December 28, 2005

Tearing Toilet Paper on Shabbos

This post here led to some interesting comments and questions both online and off. One of the questions that garnered some attention was this one.
"Um? Could someone please explain the tearing of toilet paper comments to me?"
As an answer someone provided this link which I reviewed as I do all links that come across my blog. Now I find a lot of this to be interesting, but I have to admit that trying to explain somethings such as this and the reason that they are encouraged or discouraged to be tough.

Let's look at this section:
What about tearing toilet paper when there is no option?
Obviously one must prepare toilet paper before Shabbos. The problem arises when one has depleted the supply of tissues, torn toilet paper etc. or one is in a place where there is no pre-torn paper.
For obvious reasons we will not discuss the various technical options that are on hand when there is no toilet paper available, but when those options are exhausted and/or one’s only practical option is uncut toilet paper, the following is the correct procedure:
One should tear the toilet paper by resting one’s elbows on the sheet of toilet paper and tear it with one’s elbows. This is called tearing kilachar yad – in a backhanded manner, and is only an issur d’rabanan. [6]
This is one of those things that I cannot explain without shrugging myshoulders repeatedly because it just doesn't make sense to me. Now perhaps I am missing something but this is a necessity that you cannot do without, unless you are in the woods and all you have are pinecones in which case you are in big trouble.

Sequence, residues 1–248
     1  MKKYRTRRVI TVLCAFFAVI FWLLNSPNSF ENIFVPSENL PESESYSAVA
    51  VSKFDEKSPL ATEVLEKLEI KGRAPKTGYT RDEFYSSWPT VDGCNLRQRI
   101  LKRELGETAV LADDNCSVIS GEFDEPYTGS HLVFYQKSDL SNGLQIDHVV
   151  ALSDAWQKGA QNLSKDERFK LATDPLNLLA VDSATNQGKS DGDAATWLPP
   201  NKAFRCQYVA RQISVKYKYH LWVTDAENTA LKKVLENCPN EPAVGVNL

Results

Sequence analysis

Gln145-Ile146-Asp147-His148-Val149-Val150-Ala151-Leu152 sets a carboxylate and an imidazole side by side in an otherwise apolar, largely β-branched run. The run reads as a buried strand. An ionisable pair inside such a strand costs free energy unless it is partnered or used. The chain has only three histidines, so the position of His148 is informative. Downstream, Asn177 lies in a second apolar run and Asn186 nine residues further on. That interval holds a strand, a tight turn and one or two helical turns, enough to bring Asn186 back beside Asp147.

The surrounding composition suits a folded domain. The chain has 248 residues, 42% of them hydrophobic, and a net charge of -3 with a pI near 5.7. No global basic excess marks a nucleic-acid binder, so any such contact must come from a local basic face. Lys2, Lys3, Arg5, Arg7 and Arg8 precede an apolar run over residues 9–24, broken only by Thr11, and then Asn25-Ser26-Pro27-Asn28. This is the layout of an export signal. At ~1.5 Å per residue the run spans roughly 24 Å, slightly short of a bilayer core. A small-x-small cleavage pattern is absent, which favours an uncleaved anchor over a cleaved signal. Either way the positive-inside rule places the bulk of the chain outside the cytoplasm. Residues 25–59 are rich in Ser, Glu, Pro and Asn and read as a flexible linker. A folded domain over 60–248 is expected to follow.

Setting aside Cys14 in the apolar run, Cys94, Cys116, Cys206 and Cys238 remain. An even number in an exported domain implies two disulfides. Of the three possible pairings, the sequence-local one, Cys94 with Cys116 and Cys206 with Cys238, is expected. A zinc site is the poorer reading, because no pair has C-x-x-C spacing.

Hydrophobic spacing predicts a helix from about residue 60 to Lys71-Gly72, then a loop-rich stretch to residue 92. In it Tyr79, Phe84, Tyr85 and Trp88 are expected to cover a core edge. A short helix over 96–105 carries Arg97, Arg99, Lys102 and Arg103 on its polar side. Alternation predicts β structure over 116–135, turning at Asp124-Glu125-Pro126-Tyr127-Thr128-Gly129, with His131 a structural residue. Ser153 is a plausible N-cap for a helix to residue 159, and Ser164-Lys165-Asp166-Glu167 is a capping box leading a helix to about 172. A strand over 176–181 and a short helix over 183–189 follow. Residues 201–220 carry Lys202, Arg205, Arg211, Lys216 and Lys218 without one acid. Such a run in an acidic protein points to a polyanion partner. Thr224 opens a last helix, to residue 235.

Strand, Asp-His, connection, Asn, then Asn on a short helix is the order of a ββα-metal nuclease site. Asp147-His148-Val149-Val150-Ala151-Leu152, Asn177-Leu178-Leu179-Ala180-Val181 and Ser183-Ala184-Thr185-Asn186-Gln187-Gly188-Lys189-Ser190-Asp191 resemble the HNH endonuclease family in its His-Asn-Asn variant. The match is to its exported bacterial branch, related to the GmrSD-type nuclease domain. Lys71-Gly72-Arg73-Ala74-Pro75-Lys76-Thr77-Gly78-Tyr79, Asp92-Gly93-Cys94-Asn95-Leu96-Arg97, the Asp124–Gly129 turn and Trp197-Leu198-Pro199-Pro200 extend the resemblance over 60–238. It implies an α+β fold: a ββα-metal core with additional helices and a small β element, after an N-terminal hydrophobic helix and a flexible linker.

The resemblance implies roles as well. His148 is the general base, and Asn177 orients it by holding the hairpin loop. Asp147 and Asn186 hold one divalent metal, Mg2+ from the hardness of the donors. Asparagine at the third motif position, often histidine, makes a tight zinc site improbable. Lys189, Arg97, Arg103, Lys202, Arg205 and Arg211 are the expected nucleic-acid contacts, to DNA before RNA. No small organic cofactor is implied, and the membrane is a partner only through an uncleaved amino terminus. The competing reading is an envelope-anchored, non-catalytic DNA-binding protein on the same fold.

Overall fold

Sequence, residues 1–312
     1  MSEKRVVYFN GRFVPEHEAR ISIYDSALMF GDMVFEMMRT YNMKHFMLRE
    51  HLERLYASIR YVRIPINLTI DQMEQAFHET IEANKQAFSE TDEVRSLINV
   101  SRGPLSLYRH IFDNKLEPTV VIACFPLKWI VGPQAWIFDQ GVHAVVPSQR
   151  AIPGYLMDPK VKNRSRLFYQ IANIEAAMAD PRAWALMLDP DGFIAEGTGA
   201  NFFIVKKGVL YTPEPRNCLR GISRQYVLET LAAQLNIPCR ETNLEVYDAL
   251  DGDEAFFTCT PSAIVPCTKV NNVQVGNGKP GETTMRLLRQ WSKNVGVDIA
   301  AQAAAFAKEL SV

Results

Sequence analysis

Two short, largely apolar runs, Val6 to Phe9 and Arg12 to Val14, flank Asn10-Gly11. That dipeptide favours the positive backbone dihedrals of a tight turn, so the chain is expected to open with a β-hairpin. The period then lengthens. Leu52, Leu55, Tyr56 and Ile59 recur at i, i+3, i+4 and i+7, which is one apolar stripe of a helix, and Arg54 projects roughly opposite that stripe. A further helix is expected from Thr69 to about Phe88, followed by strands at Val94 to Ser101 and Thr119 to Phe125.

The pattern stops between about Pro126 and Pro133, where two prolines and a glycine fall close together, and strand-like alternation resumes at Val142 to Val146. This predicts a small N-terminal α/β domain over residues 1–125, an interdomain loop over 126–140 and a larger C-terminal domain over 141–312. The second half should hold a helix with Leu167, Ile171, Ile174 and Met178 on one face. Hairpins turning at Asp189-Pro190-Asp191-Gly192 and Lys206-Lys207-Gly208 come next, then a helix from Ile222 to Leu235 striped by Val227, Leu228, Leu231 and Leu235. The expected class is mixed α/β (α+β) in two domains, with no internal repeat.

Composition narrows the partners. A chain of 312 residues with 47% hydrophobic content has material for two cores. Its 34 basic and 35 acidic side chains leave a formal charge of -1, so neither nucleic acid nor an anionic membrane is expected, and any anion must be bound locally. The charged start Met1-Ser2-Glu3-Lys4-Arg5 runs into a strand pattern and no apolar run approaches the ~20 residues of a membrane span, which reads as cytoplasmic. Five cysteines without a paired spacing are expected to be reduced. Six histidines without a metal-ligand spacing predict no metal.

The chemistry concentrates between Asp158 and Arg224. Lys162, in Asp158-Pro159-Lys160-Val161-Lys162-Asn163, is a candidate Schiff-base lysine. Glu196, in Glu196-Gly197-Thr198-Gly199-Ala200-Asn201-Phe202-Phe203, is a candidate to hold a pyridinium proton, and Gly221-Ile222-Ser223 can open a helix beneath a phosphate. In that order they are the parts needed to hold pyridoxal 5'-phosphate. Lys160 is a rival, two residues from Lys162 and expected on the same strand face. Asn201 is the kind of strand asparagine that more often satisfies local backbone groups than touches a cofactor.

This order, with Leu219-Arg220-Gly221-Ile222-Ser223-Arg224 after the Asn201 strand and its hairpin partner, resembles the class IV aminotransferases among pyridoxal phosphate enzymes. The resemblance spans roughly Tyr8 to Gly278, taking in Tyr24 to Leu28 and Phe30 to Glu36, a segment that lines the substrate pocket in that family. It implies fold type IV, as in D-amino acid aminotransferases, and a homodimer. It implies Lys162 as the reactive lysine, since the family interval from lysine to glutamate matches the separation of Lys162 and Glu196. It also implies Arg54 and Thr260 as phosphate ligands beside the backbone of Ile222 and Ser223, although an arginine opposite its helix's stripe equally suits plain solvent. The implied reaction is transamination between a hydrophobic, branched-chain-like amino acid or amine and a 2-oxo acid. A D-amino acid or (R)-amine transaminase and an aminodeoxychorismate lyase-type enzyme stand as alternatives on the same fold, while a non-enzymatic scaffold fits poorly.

Ultimately what I find is that there are areas such as this in which I cannot provide a reasonable explanation as to why they are necessary. Some of these things are acceptable to me and some are not. Yes, I am picking and choosing but that is part of life and when it comes to matters of faith I think that we often reach places in which we are forced to use our gut instinct instead of our heads.

That is not a value judgement but an observation.

11 comments:

Stacey said...

I have issues with this on many levels.

Ezzie said...

This won't make you much happier, but we were always taught that if we were stuck, we should tear NOT on the lines. That would be mekalkel and therefore not a(s much of a) problem.

Pragmatician said...

ezzie-I learned the same thing.

Jack-Which are some of the unexplainable things you do accept?

Mirty said...

Tearing the toilet paper before Shabbos was one of my chores when I was a kid. Also taping the lights (so we wouldn't accidentally turn them on and off).

Sometimes, I would reach over to my nightstand and, without thinking, turn the radio on while I was half-asleep on Shabbos morning. Then I had to ponder whether to leave it on (Mom and Dad would find out), turn it off (double-asur), or turn down the volume (perhaps not asur and satisfyingly sneaky). I usually turned down the volume and hoped no one would notice. (No one ever did.)

Anonymous said...

Jack, I think that you missed the main explanation in that link. Look at the first question - "May one tear a piece of glad-wrap from the roll on Shabbos?"

Anonymous said...